ATLANTA – Rayshard Brooks' wife Tomika Miller worried about Brooks' safety after other unarmed Black men, such as George Floyd, were killed by police.
Miller said Brooks was often profiled by police because he had tattoos on his face.
“I’ve always said, 'Baby, I don’t ever want that to be you,'" Miller said during an emotional press conference with Brooks' family Monday. "And he was always like 'no, it's going to change, it's going to change.' He always tried to stay positive about everything."
On Friday, Miller's fears became a reality.
A police officer fatally shot Brooks, 27, outside a Wendy's fast-food restaurant in Atlanta.
Police were dispatched to the Wendy's around 10:30 p.m. and conducted a sobriety test on Brooks, who failed the test, then resisted officers' attempts to arrest him, according to investigators.
Video shows Brooks fleeing officers after a struggle and then falling to the ground. GBI Director Vic Reynolds said Brooks grabbed a Taser from one officer and appeared to point it at the officer as he fled. The officer fired three shots.
Medical examiner: Two gunshot wounds to the back
Family members remembered Brooks as a loving father of three daughters, ages 8, 2 and 1, and a 13-year-old stepson.
He took his daughter Blessing to get her nails done and pick up something to eat in celebration of her eighth birthday hours before he was killed.
The following day, Blessing had a birthday party with cupcakes and put on a special birthday dress, anticipating that her father was taking her skating.
"Blessing, Memory and Dream will never get to see their father again," Brooks' niece Chassidy Evans said Monday. “Not only was he a girl dad, loving husband, caring bother, and most importantly to me, my uncle I could depend on. Rayshard Brooks was silly, he had the brightest smile, and biggest heart and loved to dance since we were kids.”
His first cousin Gymaco Brooks said he had seen Rayshard just a week and a half ago when he stopped by while Gymaco played chess with Brooks' older brother.
Gymaco said they all caught up and shared a few laughs and drinks.
“He was always happy, he was always smiling,” Gymaco Brooks said. “Life shouldn’t be this complicated. Life shouldn’t be where we have to feel some type of way if we see a police or somebody of a different color.”
Family attorney, L. Chris Stewart, said the officer who shot Brooks should be charged for “an unjustified use of deadly force, which equals murder.”
Stewart said attorneys were with the family Saturday and watched the children "play and laugh and be oblivious to the facts that their dad was murdered."
“You can’t have it both ways in law enforcement,” Stewart said. “You can’t say a Taser is a nonlethal weapon … but when an African American grabs it and runs with it, now it’s some kind of deadly, lethal weapon that calls for you to unload on somebody.”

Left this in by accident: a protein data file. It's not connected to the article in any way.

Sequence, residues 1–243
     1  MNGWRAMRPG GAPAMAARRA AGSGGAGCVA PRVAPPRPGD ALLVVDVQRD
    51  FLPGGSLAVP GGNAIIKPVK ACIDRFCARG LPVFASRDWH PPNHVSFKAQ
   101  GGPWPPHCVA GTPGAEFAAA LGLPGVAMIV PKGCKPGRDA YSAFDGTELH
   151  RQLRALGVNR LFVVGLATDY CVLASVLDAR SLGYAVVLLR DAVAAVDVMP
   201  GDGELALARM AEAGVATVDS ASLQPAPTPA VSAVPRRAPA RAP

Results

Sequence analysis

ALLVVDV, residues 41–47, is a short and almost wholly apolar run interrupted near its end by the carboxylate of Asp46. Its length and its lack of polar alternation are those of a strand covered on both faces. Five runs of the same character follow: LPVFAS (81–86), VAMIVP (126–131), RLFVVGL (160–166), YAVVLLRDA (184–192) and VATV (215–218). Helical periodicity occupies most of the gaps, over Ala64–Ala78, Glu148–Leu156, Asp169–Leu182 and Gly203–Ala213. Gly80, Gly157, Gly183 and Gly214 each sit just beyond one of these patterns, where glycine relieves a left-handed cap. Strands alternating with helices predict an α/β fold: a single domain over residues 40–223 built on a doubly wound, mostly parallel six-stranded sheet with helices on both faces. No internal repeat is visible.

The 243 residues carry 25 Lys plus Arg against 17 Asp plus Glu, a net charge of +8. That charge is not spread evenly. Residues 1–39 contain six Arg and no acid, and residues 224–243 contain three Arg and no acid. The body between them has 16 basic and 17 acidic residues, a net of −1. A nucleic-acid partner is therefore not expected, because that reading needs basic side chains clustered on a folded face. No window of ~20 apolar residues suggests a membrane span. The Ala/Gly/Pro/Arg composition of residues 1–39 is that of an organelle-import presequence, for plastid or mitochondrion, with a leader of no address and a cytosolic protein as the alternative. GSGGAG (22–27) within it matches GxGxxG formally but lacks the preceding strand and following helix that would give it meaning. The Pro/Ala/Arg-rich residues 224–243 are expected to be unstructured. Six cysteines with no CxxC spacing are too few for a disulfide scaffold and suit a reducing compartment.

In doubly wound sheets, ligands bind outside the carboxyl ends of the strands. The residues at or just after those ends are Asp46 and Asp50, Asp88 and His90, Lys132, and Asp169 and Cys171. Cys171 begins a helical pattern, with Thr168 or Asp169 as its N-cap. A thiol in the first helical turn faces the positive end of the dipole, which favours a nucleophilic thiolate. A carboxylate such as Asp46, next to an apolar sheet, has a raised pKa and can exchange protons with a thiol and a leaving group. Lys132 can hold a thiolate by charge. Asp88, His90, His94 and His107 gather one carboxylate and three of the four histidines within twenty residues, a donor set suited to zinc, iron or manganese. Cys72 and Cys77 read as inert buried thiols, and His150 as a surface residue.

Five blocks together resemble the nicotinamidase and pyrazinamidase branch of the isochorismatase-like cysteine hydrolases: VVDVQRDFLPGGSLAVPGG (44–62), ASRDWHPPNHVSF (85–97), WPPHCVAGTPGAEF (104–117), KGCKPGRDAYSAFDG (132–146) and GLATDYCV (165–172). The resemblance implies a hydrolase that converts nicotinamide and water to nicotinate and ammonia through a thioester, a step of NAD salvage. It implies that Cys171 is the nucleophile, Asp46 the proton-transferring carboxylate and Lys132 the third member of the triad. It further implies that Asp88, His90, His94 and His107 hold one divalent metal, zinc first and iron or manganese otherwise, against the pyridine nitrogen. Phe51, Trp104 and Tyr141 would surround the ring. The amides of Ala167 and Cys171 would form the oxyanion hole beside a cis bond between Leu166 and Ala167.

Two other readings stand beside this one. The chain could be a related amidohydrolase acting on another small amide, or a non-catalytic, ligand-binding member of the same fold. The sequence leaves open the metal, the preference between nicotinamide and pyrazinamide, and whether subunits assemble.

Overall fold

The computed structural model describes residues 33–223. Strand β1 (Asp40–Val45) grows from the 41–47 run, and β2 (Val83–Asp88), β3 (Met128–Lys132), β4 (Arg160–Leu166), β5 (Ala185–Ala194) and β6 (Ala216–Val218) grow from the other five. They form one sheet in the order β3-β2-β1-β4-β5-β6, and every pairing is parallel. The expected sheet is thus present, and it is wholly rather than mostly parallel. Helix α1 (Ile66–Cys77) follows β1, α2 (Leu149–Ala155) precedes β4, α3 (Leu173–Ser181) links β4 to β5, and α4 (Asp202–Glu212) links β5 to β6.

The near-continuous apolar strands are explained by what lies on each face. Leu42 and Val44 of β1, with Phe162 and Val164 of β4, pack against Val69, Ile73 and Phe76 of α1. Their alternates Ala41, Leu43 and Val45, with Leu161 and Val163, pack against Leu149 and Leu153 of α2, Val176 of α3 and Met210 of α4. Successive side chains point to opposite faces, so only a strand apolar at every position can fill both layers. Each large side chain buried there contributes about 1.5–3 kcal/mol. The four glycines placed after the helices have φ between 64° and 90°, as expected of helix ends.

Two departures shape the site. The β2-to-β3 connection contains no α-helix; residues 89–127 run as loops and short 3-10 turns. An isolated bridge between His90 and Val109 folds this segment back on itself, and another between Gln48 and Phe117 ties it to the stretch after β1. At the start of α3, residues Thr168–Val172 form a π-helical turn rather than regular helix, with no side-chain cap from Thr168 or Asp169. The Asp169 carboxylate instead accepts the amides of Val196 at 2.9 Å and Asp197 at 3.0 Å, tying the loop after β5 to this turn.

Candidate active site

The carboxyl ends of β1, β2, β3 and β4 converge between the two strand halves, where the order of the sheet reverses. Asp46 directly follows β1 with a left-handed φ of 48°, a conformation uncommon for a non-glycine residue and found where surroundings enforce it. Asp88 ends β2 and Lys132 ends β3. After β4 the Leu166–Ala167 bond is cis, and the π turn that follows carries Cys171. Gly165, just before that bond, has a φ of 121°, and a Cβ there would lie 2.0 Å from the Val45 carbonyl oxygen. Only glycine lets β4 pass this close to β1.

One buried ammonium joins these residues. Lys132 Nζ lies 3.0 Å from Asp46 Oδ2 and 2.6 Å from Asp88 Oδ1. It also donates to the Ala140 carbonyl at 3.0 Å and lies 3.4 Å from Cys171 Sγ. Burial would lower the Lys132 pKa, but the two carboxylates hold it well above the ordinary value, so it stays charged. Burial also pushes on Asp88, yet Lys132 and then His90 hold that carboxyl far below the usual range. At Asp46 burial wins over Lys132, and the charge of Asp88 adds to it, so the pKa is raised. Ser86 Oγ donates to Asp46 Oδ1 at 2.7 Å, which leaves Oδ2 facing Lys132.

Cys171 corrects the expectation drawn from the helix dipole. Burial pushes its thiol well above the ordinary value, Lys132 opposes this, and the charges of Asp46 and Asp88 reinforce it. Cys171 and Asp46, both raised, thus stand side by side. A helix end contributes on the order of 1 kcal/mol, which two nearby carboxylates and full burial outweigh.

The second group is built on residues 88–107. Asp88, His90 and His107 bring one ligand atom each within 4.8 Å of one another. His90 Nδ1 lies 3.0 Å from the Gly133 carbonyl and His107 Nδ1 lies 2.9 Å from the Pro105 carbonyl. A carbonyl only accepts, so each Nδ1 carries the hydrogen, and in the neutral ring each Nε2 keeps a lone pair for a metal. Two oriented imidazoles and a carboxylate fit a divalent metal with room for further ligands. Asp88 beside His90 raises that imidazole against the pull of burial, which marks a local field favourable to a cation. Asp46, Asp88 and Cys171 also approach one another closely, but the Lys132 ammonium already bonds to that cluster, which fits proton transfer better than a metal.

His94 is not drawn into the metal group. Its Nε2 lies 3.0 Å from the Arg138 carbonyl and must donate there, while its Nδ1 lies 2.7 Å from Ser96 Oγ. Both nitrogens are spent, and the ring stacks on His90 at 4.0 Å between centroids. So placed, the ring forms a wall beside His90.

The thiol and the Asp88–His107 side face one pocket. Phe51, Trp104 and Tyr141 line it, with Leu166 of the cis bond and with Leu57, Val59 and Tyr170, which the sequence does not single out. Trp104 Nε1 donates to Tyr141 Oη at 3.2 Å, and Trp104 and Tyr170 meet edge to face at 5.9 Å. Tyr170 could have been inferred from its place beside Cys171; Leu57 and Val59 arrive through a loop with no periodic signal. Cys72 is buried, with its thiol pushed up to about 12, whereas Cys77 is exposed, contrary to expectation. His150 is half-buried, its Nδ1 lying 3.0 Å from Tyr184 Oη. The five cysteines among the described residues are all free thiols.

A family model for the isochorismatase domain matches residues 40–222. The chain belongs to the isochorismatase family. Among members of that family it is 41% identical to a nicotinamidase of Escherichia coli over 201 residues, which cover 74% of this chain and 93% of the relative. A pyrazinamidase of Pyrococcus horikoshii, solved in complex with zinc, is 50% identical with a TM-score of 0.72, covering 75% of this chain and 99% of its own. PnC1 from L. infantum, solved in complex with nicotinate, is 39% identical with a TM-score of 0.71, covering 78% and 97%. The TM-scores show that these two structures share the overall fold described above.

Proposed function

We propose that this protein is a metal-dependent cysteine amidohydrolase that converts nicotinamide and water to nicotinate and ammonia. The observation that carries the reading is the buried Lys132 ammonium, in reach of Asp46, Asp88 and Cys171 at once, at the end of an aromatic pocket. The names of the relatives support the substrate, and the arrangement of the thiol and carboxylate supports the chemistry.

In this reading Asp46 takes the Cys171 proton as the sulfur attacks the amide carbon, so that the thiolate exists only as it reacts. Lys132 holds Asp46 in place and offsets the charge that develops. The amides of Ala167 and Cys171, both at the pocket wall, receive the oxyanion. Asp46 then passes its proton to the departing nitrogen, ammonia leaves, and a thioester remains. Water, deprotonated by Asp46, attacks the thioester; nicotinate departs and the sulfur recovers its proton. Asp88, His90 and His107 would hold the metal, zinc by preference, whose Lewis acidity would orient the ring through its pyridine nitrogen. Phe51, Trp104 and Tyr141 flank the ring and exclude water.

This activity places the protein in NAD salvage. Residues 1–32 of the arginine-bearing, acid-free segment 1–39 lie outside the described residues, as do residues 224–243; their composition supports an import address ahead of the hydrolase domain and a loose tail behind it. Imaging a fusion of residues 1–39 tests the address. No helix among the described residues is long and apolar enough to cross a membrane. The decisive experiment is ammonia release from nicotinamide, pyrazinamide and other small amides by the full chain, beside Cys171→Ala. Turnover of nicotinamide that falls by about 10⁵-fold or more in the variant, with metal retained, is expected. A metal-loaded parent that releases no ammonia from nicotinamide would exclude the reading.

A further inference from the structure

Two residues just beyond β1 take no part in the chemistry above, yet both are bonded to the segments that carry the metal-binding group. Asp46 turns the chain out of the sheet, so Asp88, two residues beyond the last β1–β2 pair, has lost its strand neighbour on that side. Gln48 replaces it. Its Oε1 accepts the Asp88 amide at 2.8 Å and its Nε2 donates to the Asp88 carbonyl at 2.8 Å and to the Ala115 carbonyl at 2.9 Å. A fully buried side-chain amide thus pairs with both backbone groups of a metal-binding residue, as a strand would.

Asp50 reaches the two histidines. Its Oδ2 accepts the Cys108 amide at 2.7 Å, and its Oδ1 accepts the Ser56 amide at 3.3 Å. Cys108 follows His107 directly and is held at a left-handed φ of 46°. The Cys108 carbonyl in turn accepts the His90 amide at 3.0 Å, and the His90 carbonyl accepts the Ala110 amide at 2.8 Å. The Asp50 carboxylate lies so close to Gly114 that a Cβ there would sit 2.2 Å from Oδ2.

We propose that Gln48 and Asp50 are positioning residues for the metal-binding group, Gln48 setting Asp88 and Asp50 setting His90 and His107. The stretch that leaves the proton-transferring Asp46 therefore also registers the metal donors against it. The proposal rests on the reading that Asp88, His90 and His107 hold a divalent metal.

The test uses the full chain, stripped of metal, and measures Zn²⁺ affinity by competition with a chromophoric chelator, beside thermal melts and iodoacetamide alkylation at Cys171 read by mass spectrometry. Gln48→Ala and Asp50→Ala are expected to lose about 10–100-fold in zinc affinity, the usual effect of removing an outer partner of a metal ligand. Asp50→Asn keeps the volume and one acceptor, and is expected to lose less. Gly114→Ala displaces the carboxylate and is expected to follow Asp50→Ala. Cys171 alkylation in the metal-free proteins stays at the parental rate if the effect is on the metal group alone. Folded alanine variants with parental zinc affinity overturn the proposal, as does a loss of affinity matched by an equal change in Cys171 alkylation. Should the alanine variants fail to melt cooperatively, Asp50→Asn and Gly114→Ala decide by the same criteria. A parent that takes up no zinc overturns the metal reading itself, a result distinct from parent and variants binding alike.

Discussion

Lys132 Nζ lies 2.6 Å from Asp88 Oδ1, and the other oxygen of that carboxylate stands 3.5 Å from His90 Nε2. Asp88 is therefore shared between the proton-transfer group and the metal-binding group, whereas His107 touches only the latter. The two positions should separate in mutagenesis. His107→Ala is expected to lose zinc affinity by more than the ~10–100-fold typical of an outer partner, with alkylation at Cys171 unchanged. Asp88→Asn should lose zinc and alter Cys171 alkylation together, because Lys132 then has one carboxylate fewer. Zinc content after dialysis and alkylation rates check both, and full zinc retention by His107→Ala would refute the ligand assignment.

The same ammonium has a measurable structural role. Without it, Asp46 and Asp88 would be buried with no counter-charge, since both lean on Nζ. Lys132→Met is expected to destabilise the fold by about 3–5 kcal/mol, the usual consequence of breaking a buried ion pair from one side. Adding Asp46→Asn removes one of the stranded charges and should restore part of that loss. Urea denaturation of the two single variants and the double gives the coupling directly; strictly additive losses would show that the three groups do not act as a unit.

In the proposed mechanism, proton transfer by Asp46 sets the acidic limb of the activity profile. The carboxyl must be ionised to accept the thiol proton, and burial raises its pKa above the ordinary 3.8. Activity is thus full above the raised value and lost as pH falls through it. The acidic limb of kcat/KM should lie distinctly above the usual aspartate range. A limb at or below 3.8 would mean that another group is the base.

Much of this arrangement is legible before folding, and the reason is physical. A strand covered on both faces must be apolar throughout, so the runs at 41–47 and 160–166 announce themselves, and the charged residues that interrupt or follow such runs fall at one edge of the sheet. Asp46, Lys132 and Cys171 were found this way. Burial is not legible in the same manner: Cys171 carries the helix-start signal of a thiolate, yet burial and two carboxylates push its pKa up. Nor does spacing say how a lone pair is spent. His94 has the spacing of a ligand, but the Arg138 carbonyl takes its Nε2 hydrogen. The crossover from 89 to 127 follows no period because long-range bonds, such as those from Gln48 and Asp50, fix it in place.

The nation is grappling with issues of race and police brutality after the death May 25 of George Floyd who was pinned to the ground by a Minneapolis police officer who kneeled on his neck for almost nine minutes. Floyd's death sparked three weeks of protests in cities large and small across the USA.
George Floyd is not alone: 'I can’t breathe' uttered by dozens in fatal police holds across USA
Many Atlanta businesses were looted and vandalized during the protests. Evans said their family supported Atlanta police during the protests before Brooks' was killed.
“We stood with the Atlanta Police Department when they (protestors) were tearing up our city and said this doesn’t happen here, leave them alone," Evans said. “And here we are three weeks later, those same police took something away from our family that we will never get back."
The officer involved in the Brooks shooting was fired, and another was placed on administrative duty, the police department announced Sunday. The police department released body camera and dash camera footage from both officers. Atlanta Police Chief Erika Shields also stepped down.
Crystal Brooks, who said she is Rayshard Brooks' sister-in-law, joined protesters outside the Atlanta Wendy's on Saturday night.
“He wasn’t causing anyone any harm,” she said. “The police went up to the car, and even though the car was parked, they pulled him out of the car and started tussling with him. He did grab the Taser, but he just grabbed the Taser and ran.”
Miller pleaded for the public to peacefully protest. Meanwhile she grieves the loss of the man she says was her best friend.
“I can never tell my daughter 'Oh, he’s coming to take you skating or swimming lessons,'" Miller said. “It’s going to be a long time before I heal. It’s going to be a long time before this family heals.”
Ellis reported from Atlanta; Contributing: Susan Miller from Arlington, Virginia. Contributing: The Associated Press
This article originally appeared on USA TODAY: Rayshard Brooks wife feared for him: 'I don't want that to be you'